In the brief pause as the musician walks to a different section of the restaurant, Raven’s shoulders loosen. He takes a bite of his dinner and whispers a hopeful “Maybe he is done?” It is not to be. The accordion breathes in with a jolly hum before being launched into a frolicking melody. Soon everyone in the restaurant is clapping and singing along in French.

Everyone except us, that is. My French is workable at the speed of molasses. Raven’s usage relates to food. Exuberant Quebecois songs sung to an accordion are not in our repertoire. “Just try to relax and enjoy it.” After seven years of marriage, I can read the look Raven gives me over his pasta without the need to speak above the accordion’s notes. Clearly I do not understand his view of reality. I know he hates loud noises — unless he is the cause of them. But everyone else is having a good time. The musician is pretty good for playing on an accordion. “Let’s just eat and get out of here.” I sigh and nod. Really, I doubt that will help.

Our tendency to not have a plan while riding our motorcycles had landed us in the thick of it this time. By afternoon when we stopped our meanderings to check the map only one town close to us was listed as having a campground: Montmagny. It was Labor Day weekend, but traffic had been light all along the roads of inner Quebec. Prospects looked good for serendipity to smooth things over once again.

That is until we queued in bumper-to-bumper traffic on the way into Montmagny. All of it seemed to be headed toward the only campground. RVs, tents, and campers were stuffed double to a space inside the chain link enclosure. Oddly, at the time we still hadn’t figured out what was going on. Instead, we were enraptured by an historic motorcycle museum’s advertisement we discovered while waiting in line at the campground office.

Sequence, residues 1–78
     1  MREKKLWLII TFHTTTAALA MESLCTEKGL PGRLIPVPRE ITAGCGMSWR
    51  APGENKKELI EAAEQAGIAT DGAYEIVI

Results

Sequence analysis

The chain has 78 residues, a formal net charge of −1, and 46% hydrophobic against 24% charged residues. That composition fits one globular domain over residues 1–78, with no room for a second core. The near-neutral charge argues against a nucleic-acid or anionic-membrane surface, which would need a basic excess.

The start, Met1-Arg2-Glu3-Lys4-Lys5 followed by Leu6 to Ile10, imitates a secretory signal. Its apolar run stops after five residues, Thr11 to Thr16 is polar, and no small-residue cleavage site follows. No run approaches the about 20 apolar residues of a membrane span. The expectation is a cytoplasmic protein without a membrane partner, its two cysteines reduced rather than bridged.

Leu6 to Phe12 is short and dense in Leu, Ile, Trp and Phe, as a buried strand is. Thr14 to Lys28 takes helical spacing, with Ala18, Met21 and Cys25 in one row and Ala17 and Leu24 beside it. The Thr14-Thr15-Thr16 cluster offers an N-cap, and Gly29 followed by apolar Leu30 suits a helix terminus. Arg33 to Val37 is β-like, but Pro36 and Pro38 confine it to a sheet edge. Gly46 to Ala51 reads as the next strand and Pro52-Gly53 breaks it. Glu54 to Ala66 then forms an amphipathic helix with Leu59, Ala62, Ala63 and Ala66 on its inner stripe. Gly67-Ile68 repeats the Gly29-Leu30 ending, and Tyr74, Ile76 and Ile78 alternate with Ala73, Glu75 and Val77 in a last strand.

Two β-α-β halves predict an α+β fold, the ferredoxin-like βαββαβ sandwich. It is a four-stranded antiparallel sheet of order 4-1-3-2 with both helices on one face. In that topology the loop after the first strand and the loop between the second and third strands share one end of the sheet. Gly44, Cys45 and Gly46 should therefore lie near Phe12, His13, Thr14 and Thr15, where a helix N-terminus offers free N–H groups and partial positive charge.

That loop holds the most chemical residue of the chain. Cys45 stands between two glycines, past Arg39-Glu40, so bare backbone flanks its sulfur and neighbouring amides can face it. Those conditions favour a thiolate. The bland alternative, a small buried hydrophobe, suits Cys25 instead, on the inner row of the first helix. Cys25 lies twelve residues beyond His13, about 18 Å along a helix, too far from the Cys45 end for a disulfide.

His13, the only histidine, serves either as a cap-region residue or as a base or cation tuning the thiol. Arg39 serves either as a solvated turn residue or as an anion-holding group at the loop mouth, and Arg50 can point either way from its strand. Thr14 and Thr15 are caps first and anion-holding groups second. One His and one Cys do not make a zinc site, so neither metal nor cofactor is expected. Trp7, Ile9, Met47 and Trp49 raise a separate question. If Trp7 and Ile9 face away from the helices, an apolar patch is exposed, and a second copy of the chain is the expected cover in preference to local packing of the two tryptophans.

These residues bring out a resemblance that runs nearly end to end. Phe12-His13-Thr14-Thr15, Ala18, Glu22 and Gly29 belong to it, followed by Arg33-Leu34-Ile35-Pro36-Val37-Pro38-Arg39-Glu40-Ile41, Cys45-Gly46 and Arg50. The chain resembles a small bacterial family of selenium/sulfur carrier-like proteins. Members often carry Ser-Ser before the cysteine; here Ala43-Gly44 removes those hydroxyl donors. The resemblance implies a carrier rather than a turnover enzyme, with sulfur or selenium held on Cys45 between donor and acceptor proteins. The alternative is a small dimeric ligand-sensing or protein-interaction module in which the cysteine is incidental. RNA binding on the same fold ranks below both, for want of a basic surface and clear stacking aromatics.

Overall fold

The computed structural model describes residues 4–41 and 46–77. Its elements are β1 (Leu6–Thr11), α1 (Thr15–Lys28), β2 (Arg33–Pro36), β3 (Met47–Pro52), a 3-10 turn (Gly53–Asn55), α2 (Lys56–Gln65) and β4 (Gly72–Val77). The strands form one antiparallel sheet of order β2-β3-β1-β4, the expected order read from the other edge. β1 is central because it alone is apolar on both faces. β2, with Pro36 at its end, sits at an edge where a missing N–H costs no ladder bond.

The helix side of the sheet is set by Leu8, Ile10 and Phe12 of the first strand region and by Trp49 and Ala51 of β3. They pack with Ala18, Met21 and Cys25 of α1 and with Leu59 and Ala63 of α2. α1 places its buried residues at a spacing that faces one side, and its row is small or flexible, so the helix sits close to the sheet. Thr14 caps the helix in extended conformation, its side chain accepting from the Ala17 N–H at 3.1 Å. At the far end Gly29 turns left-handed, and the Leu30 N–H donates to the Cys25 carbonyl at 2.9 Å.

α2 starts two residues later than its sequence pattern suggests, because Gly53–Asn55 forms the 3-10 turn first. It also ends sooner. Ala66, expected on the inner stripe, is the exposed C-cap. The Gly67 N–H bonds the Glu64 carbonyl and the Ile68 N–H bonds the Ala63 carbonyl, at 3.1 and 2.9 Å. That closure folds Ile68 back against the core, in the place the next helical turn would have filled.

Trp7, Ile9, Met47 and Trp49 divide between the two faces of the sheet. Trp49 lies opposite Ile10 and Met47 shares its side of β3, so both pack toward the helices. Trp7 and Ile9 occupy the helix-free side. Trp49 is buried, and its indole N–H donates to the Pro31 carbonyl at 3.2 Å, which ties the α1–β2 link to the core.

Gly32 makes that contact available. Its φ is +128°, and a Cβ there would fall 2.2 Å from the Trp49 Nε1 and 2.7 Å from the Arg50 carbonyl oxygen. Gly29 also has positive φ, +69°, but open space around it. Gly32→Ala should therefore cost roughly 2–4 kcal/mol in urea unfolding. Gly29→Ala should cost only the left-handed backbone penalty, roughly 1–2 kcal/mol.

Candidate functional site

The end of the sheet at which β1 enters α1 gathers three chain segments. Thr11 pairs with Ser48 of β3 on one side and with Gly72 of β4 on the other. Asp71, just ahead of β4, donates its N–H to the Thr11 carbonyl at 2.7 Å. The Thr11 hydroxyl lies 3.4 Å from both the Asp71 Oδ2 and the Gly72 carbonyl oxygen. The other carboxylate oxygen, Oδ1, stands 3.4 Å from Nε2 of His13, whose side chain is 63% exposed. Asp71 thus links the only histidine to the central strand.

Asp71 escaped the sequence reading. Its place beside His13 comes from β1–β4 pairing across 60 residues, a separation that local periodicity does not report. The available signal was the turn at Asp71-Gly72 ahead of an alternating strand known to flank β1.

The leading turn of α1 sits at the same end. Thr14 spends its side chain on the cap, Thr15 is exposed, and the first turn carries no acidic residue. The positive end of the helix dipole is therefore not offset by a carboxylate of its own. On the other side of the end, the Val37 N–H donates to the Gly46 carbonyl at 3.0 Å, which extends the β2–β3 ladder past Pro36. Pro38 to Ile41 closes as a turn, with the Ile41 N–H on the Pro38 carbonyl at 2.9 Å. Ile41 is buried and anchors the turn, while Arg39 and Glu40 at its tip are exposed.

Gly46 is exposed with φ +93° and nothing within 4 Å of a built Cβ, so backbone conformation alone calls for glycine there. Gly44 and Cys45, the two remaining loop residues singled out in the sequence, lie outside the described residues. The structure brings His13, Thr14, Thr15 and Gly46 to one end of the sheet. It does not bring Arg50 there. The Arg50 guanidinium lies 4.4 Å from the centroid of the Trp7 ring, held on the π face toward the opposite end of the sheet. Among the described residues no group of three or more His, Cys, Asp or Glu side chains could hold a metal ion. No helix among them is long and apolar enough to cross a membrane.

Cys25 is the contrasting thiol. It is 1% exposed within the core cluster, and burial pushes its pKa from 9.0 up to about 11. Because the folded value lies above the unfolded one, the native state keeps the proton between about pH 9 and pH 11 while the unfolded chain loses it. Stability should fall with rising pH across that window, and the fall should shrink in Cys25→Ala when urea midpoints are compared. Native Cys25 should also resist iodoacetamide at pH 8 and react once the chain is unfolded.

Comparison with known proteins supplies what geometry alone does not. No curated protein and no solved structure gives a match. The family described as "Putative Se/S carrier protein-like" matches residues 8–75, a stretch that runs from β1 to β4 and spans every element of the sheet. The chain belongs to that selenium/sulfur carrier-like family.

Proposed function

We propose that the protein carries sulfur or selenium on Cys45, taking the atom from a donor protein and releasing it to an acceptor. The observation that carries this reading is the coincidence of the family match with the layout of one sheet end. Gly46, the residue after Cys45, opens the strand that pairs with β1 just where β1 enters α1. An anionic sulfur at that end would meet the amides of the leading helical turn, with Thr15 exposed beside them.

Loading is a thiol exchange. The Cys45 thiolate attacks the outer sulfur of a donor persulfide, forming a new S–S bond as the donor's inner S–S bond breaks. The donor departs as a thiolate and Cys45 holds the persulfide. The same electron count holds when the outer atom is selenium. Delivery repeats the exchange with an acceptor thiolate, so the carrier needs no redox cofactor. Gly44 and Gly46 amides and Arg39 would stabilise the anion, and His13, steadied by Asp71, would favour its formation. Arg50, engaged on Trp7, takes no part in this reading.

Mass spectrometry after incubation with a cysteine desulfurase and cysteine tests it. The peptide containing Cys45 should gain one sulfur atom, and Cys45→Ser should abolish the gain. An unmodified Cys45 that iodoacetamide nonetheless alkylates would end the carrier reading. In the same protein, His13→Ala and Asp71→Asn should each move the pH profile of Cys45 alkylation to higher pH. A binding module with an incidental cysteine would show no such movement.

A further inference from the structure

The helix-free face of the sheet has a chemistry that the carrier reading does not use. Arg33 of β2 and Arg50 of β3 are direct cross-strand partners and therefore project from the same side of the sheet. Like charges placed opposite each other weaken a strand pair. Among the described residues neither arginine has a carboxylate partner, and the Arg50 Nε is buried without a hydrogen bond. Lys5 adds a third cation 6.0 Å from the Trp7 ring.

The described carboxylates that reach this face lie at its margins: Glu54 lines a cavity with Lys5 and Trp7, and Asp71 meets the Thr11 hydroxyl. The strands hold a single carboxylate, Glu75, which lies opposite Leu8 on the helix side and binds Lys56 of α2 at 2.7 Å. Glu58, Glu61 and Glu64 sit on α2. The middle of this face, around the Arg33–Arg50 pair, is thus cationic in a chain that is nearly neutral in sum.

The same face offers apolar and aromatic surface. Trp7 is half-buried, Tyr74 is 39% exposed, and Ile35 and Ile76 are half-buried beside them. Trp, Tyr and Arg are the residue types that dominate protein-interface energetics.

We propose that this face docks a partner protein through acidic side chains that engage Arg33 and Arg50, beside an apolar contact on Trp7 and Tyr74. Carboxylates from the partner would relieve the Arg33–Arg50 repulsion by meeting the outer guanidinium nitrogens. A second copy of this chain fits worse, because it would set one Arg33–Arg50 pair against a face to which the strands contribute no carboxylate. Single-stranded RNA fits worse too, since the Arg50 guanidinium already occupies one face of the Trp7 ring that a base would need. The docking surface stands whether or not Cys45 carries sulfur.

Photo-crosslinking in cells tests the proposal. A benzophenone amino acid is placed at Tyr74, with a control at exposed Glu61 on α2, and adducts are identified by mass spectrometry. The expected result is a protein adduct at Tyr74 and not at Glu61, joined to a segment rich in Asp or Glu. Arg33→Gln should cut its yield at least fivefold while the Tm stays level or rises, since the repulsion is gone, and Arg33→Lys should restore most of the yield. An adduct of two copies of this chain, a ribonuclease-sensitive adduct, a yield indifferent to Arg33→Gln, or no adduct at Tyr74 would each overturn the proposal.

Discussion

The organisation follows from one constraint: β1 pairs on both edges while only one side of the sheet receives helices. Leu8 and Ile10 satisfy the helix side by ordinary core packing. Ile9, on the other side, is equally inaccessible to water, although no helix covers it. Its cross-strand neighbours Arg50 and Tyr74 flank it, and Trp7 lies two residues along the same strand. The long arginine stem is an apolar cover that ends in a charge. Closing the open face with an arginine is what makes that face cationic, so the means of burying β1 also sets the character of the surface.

You don’t need to know much French to figure out when a campground is full. The kid behind the register shook his head. Dismay weighed on my shoulders. Whatever was going on was a big deal and I doubted we would find any campgrounds open for miles. Then the teenage boy looked at us again, a light in his eyes. “Pas électrique? Pas l’eau? ± No electric? No water?”

“Oui, une tente pour un nuit — Yes, one tent for one night.” His smile grew a little larger. “Attend ici — Wait here.” He ran off. It took a few minutes, but our plight was shared. The desire to help was strong and we were shown to a spot outside of the full enclosure. We got a patch of grass next to the closed pool. By the time we were set up and ready to head into town for dinner, there were a few other campers in tents along the pool fence as well.

We followed the foot traffic back into town, finally noticing the signs: World Heritage Accordion Music Festival. I had never given accordion music a thought, but Raven apparently had. His eyes were popping out of his head. We spent quite a bit of time studying menus for cheap fare and checking out exactly how many accordion musicians were located inside the establishment. The Italian restaurant and ice cream stand called Bistro LeFontaine had looked safe. Until five minutes after sitting down the apparently late minstrel arrived.